Confessions of a Brody Girl

Mythcon 44 will be held at my undergraduate alma mater, Michigan State University in East Lansing, and I'm pretty conflicted about that. I have (mostly) good memories of my college days, despite the horrible weather—the 1967 snowstorm closed down the MSU campus for the first time in its 111 year history, and the Red Cedar (affectionately referred to as the "Red Sewer") River meandering through campus accentuates the fact that July is black fly season—but that's not the problem. The specific conference location is the Kellogg Conference Center, with meals across Harrison Road at Brody Square. You see, back in the late 1960s, I was a Brody Girl. I lived in Rather Hall (long "a", rhymes with "bather"), one of the complex's six dorms, for three years; back then students who were under 21 and weren't married were required to live on-campus, or in a fraternity or sorority. The reasons were economic (they wanted to fill up the dorm rooms), but it's not a bad idea since it allows new students to make friends, find study partners, learn social skills (!), and join in lots of different activities. At MSU, the dorm complexes all had distinct personalities: the older Tudor-style, ivy-covered West Circle halls were all-female and home to humanities majors, South Complex was mostly inhabited by jocks, East Complex had the pre-meds and lots of parties, and Brody was basically a band of misfits. (It wasn't a choice, at least for freshmen; you just ended up where you were assigned and tried to adapt.)

Like most university campuses today, dorms at Michigan State are now largely co-ed, but back in the day, Brody had four men's and two women's dorms, each with two wings, shared bathrooms down each hall. Freshmen started out crammed three to a room, because by spring quarter the high drop-out rate worked each room down to two students. Freshmen also had curfew, which meant that it was life-threatening to be in the lobby stairwells—locally known as the "Passion Pit"—just before doors were locked and dates tossed out into the cold. We gals did like the 2:1 odds, although in Brody there was a large contingent of the mildly wacko. Every night at 11 pm, a guy (always the same guy) would give a loud Tarzan yell in the courtyard, and on weekends the male dorm rivalry got drunkenly creative: I recall one Bailey resident who would yell in the general direction of a rival dorm, "Armstrong! When are your parents gonna get married?" East Lansing was dry, but that has never stopped college students. My roommate and I kept a bottle of cider stuffed with raisins stored on our window sill to ward off the winter chill. In Michigan, winter is actually three seasons rather than the usual one, so we went through lots of raisins.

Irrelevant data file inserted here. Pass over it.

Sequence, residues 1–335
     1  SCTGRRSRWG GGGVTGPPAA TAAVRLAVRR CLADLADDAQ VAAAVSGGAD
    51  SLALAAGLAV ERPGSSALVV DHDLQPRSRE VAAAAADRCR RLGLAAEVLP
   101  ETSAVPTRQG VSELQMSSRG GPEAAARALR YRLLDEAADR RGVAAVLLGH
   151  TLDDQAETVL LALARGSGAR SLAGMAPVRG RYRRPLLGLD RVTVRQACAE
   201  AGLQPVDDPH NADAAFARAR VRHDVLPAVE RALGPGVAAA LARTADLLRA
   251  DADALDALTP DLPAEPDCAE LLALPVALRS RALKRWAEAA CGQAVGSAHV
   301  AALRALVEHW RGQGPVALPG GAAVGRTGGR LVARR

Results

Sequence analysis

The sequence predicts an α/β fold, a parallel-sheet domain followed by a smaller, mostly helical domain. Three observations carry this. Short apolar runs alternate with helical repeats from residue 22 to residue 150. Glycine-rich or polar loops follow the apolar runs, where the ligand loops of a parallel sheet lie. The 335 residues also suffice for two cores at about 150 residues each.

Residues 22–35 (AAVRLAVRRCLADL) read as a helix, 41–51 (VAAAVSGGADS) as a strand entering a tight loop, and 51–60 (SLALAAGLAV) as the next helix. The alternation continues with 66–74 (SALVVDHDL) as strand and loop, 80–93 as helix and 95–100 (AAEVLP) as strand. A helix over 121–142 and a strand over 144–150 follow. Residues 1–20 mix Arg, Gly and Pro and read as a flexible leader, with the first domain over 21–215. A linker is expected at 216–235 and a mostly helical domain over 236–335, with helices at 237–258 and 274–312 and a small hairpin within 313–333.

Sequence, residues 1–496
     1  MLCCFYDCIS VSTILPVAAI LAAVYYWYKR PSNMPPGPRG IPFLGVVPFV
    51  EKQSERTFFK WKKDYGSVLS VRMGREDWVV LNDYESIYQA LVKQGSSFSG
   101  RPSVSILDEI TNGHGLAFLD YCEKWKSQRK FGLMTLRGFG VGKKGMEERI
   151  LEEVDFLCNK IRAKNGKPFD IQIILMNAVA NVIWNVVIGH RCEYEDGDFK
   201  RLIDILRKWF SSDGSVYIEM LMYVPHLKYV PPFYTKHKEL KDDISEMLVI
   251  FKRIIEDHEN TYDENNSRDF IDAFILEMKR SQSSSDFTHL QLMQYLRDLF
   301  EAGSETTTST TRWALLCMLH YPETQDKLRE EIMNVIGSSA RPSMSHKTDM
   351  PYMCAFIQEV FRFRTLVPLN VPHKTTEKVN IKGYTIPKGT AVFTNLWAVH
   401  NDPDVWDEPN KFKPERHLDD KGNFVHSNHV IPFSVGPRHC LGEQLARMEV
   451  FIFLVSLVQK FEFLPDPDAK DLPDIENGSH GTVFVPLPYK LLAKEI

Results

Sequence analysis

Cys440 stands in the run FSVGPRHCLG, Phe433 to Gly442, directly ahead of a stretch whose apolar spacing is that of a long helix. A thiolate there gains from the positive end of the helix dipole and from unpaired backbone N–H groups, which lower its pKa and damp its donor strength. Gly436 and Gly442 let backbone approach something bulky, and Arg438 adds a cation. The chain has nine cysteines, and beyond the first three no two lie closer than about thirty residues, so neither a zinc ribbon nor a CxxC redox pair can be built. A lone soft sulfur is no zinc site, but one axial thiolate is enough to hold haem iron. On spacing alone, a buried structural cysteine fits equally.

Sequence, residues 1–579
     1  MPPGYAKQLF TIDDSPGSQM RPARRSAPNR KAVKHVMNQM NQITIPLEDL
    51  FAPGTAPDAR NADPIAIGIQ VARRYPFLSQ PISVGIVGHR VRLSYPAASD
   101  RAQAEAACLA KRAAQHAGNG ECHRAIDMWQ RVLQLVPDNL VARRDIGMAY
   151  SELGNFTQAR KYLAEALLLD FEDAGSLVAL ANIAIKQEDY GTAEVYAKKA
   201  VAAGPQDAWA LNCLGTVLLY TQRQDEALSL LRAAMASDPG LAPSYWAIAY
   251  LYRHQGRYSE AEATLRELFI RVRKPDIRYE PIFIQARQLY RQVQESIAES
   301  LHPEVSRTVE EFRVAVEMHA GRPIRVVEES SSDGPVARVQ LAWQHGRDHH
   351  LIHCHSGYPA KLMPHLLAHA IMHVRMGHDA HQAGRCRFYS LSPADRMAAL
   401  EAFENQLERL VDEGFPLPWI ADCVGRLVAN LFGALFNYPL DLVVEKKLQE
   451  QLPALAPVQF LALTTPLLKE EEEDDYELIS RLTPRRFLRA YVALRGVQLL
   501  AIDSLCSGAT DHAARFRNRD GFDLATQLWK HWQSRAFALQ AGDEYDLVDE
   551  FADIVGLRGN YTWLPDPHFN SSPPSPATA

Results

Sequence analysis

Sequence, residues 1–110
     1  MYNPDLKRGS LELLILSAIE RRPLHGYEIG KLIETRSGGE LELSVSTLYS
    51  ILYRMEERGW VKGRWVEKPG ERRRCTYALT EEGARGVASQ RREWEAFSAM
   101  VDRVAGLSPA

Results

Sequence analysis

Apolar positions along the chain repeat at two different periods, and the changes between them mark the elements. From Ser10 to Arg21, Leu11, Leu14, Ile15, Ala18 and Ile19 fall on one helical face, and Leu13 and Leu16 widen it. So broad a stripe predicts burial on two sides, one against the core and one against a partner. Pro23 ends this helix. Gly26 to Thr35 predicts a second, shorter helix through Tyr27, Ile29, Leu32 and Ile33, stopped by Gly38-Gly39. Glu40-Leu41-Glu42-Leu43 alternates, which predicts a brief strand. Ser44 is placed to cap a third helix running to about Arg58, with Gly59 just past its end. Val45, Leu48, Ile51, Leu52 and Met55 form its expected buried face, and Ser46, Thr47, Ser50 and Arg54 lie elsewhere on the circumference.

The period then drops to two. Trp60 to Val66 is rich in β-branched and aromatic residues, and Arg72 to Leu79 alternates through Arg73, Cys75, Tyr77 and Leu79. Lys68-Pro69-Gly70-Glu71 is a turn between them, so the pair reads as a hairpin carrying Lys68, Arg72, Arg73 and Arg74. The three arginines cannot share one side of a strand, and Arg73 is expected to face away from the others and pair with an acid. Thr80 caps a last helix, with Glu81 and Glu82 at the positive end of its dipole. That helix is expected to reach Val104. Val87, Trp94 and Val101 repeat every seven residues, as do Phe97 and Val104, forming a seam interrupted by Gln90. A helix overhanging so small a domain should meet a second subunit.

Residence Hall Change RequestRather girls were more fun than Butterfield girls (hence the slogan, "I'd rather live in Rather.") And A425 Rather had somewhat of a reputation, partly based on the "Pray for Surf" sign in our window (two Jersey girls—we did not know each other before college—trying to cope with the lack of ocean). My roommate Jacque and I also instigated many of the hall pranks, like sealing our RA (resident assistant) Diane, whom we actually really liked, into her room, or moving all of her furniture into the bathroom. We also got our entire floor (as well as the Head Resident Advisors of both dorms) to sign a petition, for which we arranged a very public presentation, allowing a male friend of ours to transfer into our room from Armstrong Hall. Our very best April Fool joke was switching all of the lobby signage between Rather and Bailey (which of course we had to do in the middle of the night). The two dorms were mirror images, and we delighted in the looks of utter confusion from everyone entering either hall the next day.

Phil Frank cartoonWhat Brody was best known for, however, was the food, and not in a good way. The infamous 1965 spring food riot (on spaghetti night) lives on in Spartan memory. A follow-up riot was barely avoided the following year, when the cafeteria filled up on another spaghetti night and nobody left. The clever among us scheduled classes across campus during lunch periods, so we could score a pass to the Brody Grill where we could get something edible for our midday meal. Sundays were an oddity but also a relief: only two meals were served, breakfast (for those who got up early, meaning nobody) and a dress-up Sunday dinner that started at noon. We were young, hungry college students; everyone on campus ordered pizza on Sunday night. If any of us had had any money, we could have become billionaires by buying Domino's Pizza stock; it was the only place in town that delivered.

I have fonder Brody memories of spending entire weekends (usually during midterms) snowed in and playing non-stop pinochle in the Brody lounge. Or stealing cafeteria trays and sliding down hills onto the iced-over Red Cedar. Or watching cheap movies in the auditorium: one time my roommate and I looked around during The Great Escape and realized we were the only two females in the room—whoa! It will be fun to re-visit many old haunts on campus during Mythcon this July, but I will remain skeptical about conference meals, even though MSU claims to have torn the old cafeteria building down to the ground and replaced it with spiffy new food stations, until I can actually check them out. This Brody Girl still remembers spaghetti night.

Eleanor Farrell
Unrepentant Brody Girl